Male physical training as a social context: How changing the construction of male physical training could help women

Hello, Sustainable Institutions Readers:

     A recent mass shooting around the University of California – Santa Barbara and recent press about sexual assault response on college campuses have once again sparked the public consciousness. Along with mental health and gun rights, typical after such events within the United States of America in the last few years, the shooting has provoked some talk of misogyny since the young male shooter apparently felt entitled to sexual access to women and expressed frustration when women would turn down his advances.

      Many women have taken to social media and elsewhere to talk about wider issues of misogyny especially under the hashtag #yesallwomen. This hashtag should be important to men, The hashtag should make them reflect and take note of male privilege whether that comes in the form of micro-aggressions or whether the actions are more obvert in nature.

            This conversation ought to carry special weight in the fitness community. Activities intertwined with physical fitness have long carried significant social weight in the training of young people, especially adolescent males. Of particular influence in Western society has been the work of the late educator G. Stanley Hall, Lord Robert Baden Powell, a British military officer and founder of the Boy Scouts, and the late president of the United States Theodore Roosevelt (Lesko , 2001).

            These men contributed to a system that linked certain attributes of masculinity to certain methods of training. Physical fitness was one of these elements. This physical training was based on military training, so it linked masculinity toward national endeavors (Lesko,2001).

            In these modern times, when military service is more likely to be a voluntary endeavor in some countries, such as the United States, there might be less of a practical reason to link physical training to the development of adolescent males. However, that does not mean that the culture surrounding masculinity and physical fitness has disappeared. Rather the culture perseveres (Lesko , 2001), especially in certain sports such as American football.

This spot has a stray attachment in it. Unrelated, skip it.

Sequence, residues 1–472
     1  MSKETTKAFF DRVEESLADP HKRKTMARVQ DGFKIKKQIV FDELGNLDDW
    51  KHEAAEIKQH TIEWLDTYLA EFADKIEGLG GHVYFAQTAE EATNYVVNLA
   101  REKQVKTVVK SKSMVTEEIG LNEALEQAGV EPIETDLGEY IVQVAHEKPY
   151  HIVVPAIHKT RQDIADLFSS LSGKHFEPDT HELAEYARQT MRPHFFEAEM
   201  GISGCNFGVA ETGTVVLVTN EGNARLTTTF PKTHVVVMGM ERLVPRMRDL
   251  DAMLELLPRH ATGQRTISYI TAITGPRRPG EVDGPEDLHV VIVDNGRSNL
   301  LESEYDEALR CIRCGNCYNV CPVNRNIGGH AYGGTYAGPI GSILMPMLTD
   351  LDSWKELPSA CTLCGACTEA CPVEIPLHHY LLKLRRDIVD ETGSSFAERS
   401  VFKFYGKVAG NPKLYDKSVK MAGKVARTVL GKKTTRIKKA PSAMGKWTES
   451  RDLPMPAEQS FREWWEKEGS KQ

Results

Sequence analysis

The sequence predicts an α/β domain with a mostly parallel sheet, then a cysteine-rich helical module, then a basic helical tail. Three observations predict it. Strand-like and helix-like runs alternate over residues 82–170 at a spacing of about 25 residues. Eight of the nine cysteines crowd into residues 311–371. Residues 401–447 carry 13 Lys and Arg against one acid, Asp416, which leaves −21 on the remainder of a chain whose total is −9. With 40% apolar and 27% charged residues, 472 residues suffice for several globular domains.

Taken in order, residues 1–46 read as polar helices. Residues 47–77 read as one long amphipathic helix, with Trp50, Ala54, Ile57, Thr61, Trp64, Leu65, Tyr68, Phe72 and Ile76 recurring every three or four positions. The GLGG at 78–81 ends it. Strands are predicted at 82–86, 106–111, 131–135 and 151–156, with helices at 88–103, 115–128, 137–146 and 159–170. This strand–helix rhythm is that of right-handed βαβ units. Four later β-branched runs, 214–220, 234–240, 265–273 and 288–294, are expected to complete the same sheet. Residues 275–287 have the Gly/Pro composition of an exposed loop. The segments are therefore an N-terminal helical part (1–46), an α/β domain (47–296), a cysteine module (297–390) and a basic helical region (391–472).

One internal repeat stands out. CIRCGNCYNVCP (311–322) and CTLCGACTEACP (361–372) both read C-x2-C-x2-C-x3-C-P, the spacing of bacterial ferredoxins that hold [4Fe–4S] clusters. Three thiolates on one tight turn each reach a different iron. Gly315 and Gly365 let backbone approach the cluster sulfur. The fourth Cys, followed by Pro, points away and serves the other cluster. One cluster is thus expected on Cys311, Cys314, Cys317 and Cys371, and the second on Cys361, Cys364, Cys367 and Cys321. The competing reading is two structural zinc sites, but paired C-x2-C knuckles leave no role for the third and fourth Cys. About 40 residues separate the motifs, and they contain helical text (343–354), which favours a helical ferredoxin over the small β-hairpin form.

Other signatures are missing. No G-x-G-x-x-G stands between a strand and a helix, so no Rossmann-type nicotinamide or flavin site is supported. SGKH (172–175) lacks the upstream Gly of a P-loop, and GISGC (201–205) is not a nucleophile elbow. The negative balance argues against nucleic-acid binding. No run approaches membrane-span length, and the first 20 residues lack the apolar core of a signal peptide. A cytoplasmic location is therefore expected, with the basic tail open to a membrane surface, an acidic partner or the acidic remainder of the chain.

Now, however, the idea of physical training has less to do with building up the body to serve a higher purpose so much as it has to do with utilizing the body to compete with others. Training the body is not necessarily limited to only that activity. Instead, it can, if done in a certain way, build physical, emotional, and spiritual strength. Yoga, a practice traditionally done by men in India, is one such example of an activity that calls upon the need for strength in various facets of one’s being without resorting to the sorts of violence and domination marked by other sorts of sports.

            Unfortunately, the way masculinity has been constructed in many parts of the world, including the post-industrialized world, has increasingly defined masculinity in a perverse way. Instead of encouraging men to show leadership and compassion, society tends to focus on the dominative image of a man, casting him as a leader. However, this is often constructed in a way that makes things more about domination than leadership. Instead of guiding, protecting, and respecting individuals, men have taken such social construction and made it about sexual domination while marginalizing females.

      In addition, this image of domination means that men are not speaking out against the wrongs of society as they should. In other words, by not speaking out or acting against violence against women, men are not just marginalizing women, but shrinking from their own responsibilities, not merely confined to men, but much more importantly as human beings.

            Physical training, being in touch with the body, is one way that men can perhaps become better moral actors. However, this physical training needs to be rooted in things like leadership, morality, being connected to the body, and spirituality among other things. By encouraging this narrative of physical training, as opposed to the narrative today, the fitness community, especially in respect to men can do its part to encourage an equilibrium in the male body, helping men to be more comfortable in their own bodies and contributing toward a disruption of the domination, irresponsibility, and entitlement so pervasive in today’s masculinity. This is hardly the only step toward equity, but encouraging male leadership toward stopping rape culture behavior is an essential component. Physical training, constructed correctly, could be used as a positive force in this endeavor. Let us never forget, whoever we are, to utilize decency and fairness and seek to move toward justice.

Andrew Bennett

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